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Blue Underground presents
Strip Nude for Your Killer (Nude per l'assassino) (1975)

"Carlo, the murderer could be anyone."
- Magda (Edwige Fenech)

Review By: Mark Zimmer   
Published: October 28, 2005

Stars: Edwige Fenech, Nino Castelnuovo, Femi Benussi
Other Stars: Solvi Stubing, Amanda, Francis Diogene, Lucio Como, Erna Schurer
Director: Andrea Bianchi

MPAA Rating: Not Rated for (violence, gore, mutilation, nudity, sexuality)
Run Time: 01h:37m:53s
Release Date: October 25, 2005
UPC: 827058106795
Genre: suspense thriller


Style
Grade
Substance
Grade
Image Transfer
Grade
Audio Transfer
Grade
Extras
Grade
B- C+A-B C-

DVD Review

There were a number of gialli whose lurid titles could never hope to live up to them: Atrocious Tales of Love and Death and Morbid Vices of a Housekeeper are among ones that come to mind. But they have nothing on the way-over-the-top titling of this racy thriller, helmed by Andrea Bianchi, best known for Burial Ground, one of the strangest zombie movies ever made. Strip Nude for Your Killer tries to live up to the nasty promises of its title, helped along by the always-sensuous Edwige Fenech, but ultimately falls rather short. Fans of sex and gore will still find it enjoyable enough.

After Evelyn dies in the midst of a bungled abortion, suddenly people at the Albatross Modeling Agency, where she worked, begin to be brutally murdered, slashed, stripped and then mutilated. Photographers Carlo Bianchi (Nino Castelnuovo) and Magda Cortis (Fenech) try to solve the mystery, with little help from models Lucia (Femi Benussi), Patrizia (Solva Stubing) and Doris (Erna Schuler), or the owners of the agency, Gisella Montani (Amanda) and Maurizio Montani (Franco Diogene). The police seem perplexed by this series of murders in which the killer, androgynously clad in black leathers and motorcycle helmet, insists on turning on the taps as part of the killing ritual.

As a mystery, the film is fairly lame. There are several red herrings that the script tries hard to promote as suspects, and they end up behaving suspiciously expressly so that they will make themselves suspicious rather than acting in any sort of realistic manner. The actual killer's identity feels practically arbitrary, arrived at through the process of elimination more than out of any real internal logic. And where Argento would provide a complex psychosexual background for the murderous goings-on, Bianchi isn't much interested in such psychology but prefers to get right to the sex and the violence.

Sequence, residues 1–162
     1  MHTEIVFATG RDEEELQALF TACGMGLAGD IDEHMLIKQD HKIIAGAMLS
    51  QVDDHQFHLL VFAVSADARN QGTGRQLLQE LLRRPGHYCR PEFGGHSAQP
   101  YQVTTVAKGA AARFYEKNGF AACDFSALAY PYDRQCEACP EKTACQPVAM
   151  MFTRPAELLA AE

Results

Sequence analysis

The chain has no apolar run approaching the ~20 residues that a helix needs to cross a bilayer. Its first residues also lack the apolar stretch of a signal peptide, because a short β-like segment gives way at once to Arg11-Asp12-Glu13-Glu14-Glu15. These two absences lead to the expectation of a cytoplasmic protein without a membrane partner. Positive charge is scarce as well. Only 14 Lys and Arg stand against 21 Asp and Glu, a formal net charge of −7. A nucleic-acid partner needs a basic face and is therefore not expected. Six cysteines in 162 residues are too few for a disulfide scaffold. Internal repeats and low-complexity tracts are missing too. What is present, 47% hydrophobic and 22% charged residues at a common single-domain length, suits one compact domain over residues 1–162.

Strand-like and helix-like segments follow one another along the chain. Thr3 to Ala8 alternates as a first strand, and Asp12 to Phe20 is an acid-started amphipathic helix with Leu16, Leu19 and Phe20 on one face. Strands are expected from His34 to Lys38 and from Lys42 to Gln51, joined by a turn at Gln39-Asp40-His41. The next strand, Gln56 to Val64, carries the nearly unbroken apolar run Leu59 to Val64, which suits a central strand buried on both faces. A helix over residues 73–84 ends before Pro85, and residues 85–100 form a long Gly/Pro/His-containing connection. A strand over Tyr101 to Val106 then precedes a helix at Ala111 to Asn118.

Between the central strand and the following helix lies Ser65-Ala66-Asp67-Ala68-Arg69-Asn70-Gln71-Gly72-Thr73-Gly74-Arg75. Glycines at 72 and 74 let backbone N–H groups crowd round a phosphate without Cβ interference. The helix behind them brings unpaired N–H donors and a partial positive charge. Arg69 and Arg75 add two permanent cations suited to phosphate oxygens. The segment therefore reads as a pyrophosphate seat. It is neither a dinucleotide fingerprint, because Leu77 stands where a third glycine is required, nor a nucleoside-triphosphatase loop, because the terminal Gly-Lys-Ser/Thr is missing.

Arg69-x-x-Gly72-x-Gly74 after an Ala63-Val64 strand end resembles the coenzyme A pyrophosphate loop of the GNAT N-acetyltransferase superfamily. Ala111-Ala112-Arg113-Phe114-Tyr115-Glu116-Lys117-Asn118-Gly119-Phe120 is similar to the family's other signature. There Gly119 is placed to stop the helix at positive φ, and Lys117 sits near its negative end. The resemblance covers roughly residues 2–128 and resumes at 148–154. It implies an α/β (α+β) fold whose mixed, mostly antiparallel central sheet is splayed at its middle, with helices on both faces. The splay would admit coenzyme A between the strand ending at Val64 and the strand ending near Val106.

On the positive side, for those who like that sort of thing, there's plenty of both. Hardly ten minutes goes by without some sexuality or nudity, often perverse or at least modestly kinky. Of course, that's not always a good thing, since one of the most appalling of those sequences involves the nude Maurizio Montani, the grossly obese husband of the lesbian head of the studio, who can only reach gratification with a blowup doll. Bianchi certainly has a twisted sense of humor about sexual matters, winding up the film with an obscene little joke that feels somewhat out of context in light of the prior proceedings. The gore is pretty well done, and there's plenty of it. Some of the earlier killings are fairly standard slashings and stabbings, but others have a vicious edge with mutilated genitals and worse hinted at. The copy from Blue Underground claims that this is the first time the uncut film has ever been available in America.